Cablegate: Kayseri: Eye of the Anatolian Tiger
Dianne Wampler 02/23/2007 08:43:44 AM From DB/Inbox: Dianne Wampler
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TAGS: PREL PGOV ECON SOCI TU
SUBJECT: Kayseri: Eye of the Anatolian Tiger
REFTEL: Ankara 0038
1. (SBU) Summary: Kayseri, a city of one million people in the
center of Turkey, is one of the centers of Turkey economic
revival. The business elite tends to recycle investment capital
back into the city, and credit is usually obtained overseas. The
limits on Kayseri's development are its fickle labor market, which
copes with migration to Istanbul and from rural areas, as well as
increasing competition from Chinese goods. Politically, Kayseri is
conservative, but not especially religious. The ruling Justice and
Development Party (AKP) controls the province's parliamentary
delegation and city government, a situation that is unlikely to
change any time soon. End Summary.
A Booming Economy
2. (U) Kayseri's growing economic weight is evident. On the edge
of town, a massive industrial park produces an increasingly wide
array of goods, including furniture, textiles, appliances,
machinery, and tools. Most of Kayseri's goods are produced for
Turkey's domestic market, but exports are growing, with an estimated
forty percent eventually exported.
3. (U) Many Kayseri business leaders credit their success in part
to a tradition of re-investing profits in family conglomerates in
the region. For example, Irfan Basyazicioglu, who started with an
animal feed factory in the 1960s, and used the steady profits to
fund real estate investments and other small factories in Kayseri.
"Business people in Istanbul are looking to earn a quick dollar,"
he says. "Here in Kayseri, we pay attention to things like debt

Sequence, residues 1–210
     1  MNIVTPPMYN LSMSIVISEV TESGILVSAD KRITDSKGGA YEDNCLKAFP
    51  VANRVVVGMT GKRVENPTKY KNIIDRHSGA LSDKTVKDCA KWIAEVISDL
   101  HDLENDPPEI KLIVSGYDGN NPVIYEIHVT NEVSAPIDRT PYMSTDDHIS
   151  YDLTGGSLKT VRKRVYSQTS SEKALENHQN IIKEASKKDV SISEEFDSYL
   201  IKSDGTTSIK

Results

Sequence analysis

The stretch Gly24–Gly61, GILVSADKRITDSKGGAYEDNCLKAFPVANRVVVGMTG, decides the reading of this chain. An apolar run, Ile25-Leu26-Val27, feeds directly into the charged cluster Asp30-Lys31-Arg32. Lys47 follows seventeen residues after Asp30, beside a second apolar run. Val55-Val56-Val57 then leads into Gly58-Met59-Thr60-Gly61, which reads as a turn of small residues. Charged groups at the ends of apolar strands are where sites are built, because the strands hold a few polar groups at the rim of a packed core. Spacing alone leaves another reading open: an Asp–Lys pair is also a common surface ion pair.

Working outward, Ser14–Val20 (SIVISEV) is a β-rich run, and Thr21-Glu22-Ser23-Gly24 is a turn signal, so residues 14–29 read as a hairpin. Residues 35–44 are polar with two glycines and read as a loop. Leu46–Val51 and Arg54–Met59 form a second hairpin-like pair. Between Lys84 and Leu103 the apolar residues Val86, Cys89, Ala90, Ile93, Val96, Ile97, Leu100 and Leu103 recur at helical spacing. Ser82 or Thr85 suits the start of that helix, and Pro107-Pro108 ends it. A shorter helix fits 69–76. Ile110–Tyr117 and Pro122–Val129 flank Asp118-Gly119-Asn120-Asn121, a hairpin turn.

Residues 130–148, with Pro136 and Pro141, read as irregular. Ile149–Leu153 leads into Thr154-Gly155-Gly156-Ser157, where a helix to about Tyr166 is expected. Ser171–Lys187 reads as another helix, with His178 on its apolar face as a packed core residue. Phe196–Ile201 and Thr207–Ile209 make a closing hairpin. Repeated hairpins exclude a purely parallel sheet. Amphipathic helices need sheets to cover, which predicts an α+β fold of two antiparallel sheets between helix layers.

ratios. We don't like to rely on outside credit. We prefer
controlled, natural, steady growth."
4. (U) Those who do seek credit to start their businesses have
traditionally looked outside of Turkey. Mehmet Filiz, leader of a
local young business owner's association, says that until recently,
Kayseri factory owners found that credit was more cheaply financed
from overseas, in spite of caution about the instability of Turkey's
economy. Turkish banks were seen as unreliable, unimaginative, and
bogged down with red tape. In the past few years, however,
relaxation of rules on foreign partnerships and acquisitions
provided Turkish banks with an infusion of know-how and capital that
they are using to invest in domestic business. Domestic credit
services are still second-rate, Filiz says, but he predicts that
some of the market leaders such as Garanti Bank and Ak Bank will
soon become the lenders of choice.
5. (U) The relatively strong position of Turkey's currency at the
moment is a concern for Kayseri's exporters. Facing competition
from Asia and developing countries that take advantage of EU
favorable-treatment rules, factory owners are hoping that the lira
will slide in the coming year to a rate of 1.6 lira to the dollar,
from the current 1.4 lira to the dollar rate.
6. (SBU) China is of particular concern to Kayseri's business elite.
The mere mention of competition from Chinese goods produces a
torrent of invective about the "illegal" subsidies provided to
state-run businesses and the "poor quality" that is undercutting
superior Turkish goods. Kayseri's Deputy Governor, Mehmet Ali
Ceviker, worries that in spite of the stereotype of cheap Chinese
products, their quality is actually increasing. He is not alone -
business owners from every sector are looking for a strategy to deal
with increasing competition from Chinese goods, but have found
little strategic thinking from either the government or business
Good Help Is So Hard To Find
7. (U) The primary complaint of Kayseri's business elite is that it
is increasingly difficult to find qualified labor. Basyazicioglu
actively recruited a university-trained engineer, offering him a
competitive salary and benefits package, but lost him to the lure of
Istanbul. Basyazicioglu had to fill the position with an elementary
8. (SBU) Bulent Kalpaklioglu, a real estate entrepreneur, echoes the
sentiment, saying that educated and skilled workers prefer Istanbul's
cosmopolitan attractions to the conservative, provincial countryside,
no matter how many pseudo-cosmopolitan trappings are created to retain